First Man is the film version of Neil Armstrong’s mission to the moon. A turbulent affair, Armstrong was determined, along with NASA, to reach the moon before the Russians did. His obsession with space led to fractures with his friends, his morality, and even his wife. An excellent biopic, First Man goes above and beyond Oscar conventional standards to deliver an amazing dramatic space story. It is also a stark reminder of the dangers of space. In some ways, this movie is both illuminating and terrifying, and all the better for it. Props to Damien Chazelle for crafting and directing such an engrossing film.
Much of First Man’s success is due to the characterization of Neil Armstrong. We see Armstrong during his most vulnerable times, and learn of his ambitions that go beyond just being a professor. Armstrong is really brought to life by Ryan Gosling, who’s as terrific here as usual. Gosling’s eccentric choice of roles show his diverse range of modes and emotions. Even though we know what happens, we can’t help but want to see Armstrong succeed throughout the film, because Gosling’s performance is that engaging.
Gosling is accompanied by Claire Foy, who is excellent as Armstrong’s supportive and struggling wife, Janet. She gets several moments to shine, as the film heavily focuses on how the space mission caused him and his wife to drift apart. I particularly loved the scene where she confronts the space crew and tells them that they don’t know what their doing. The energy and anger she displays is nothing short of incredible. Speaking of the space crew, they’re the other major characters featured prominently in the film,, Kyle Chandler is Deke Slayton, Corey Stoll (always good to see him in anything) is a balder Buzz Aldrin, Jason Clarke is Edward Higgins White, Christopher Abbott is Dave Scott, and Ciaran Hinds is Robert Gilruth. What I liked most about the cast is that it’s a who’s who of familiar names, and they all add to the film’s strength.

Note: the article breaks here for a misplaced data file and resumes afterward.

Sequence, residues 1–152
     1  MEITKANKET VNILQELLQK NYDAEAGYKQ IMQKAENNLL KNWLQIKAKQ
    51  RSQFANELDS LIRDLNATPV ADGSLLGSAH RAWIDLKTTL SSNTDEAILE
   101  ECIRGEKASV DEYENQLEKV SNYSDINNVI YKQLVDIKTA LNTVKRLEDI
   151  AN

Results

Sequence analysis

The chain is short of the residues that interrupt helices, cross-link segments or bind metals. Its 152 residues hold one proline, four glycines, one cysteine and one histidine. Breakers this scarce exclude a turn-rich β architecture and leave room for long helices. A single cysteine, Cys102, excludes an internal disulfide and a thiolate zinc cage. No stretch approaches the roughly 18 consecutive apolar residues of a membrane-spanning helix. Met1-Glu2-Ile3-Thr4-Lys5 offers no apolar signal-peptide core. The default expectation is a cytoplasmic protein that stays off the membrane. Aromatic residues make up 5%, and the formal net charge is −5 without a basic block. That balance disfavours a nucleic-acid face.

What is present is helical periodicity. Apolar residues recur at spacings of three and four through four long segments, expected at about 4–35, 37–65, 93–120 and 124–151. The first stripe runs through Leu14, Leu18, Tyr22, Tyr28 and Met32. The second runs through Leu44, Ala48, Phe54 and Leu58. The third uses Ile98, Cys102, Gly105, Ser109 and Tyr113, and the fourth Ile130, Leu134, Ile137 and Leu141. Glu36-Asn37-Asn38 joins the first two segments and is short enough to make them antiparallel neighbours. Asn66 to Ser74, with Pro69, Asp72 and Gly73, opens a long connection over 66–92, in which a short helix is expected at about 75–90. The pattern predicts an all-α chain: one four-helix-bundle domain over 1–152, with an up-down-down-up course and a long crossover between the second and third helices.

The editing is excellent, and some of the best from any film I’ve seen all year. This film is over two hours long, and not once during its run time did I feel bored. The movie is brilliant in how it structures its plot, going from point A to point B, and always keeping the audience moving along for the ride. The film conveys the dangers of space in a rather scary fashion right off the bat in the opening scene when the ship fails to take off properly. This film and Gravity (2013) prove that you don’t need space aliens to convey just how scary space really is. I certainly wouldn’t want to be in that spaceship when it took off. I would have loved to have seen this film in IMAX for that scene alone. If anything, I predict this film will win best sound design, as it definitely deserves it.
The film boasts a musical score by Damien Chazelle regular, Justin Hurtwitz. This time, Hurtwitz does his first real dramatic score. The music in First Man is fairly subtle. Unlike La La Land, there are no hummable themes to speak of, as the music is meant to effectively enhance the picture. The most memorable part for me was during The Landing sequence in which the music almost sounded transcendent and classical as it guided the audience along a historical journey.
First Man is a fantastic story of human determination and sacrifice. It is one of the best films I’ve seen all year. If I liked doing ratings, I would give this film my best rating possible. I can’t recommend it enough, and I want to see it again.
Now playing in Hanover at The Nugget Theater, Monday through Thursday at 3:45 and 6:40 PM, Friday at 3:45, 6:40 and 9:20 PM, Saturday at 1:00, 3:45, 6:40 and 9:20 PM, and Sunday at 1:00, 3:45, and 6:40 PM.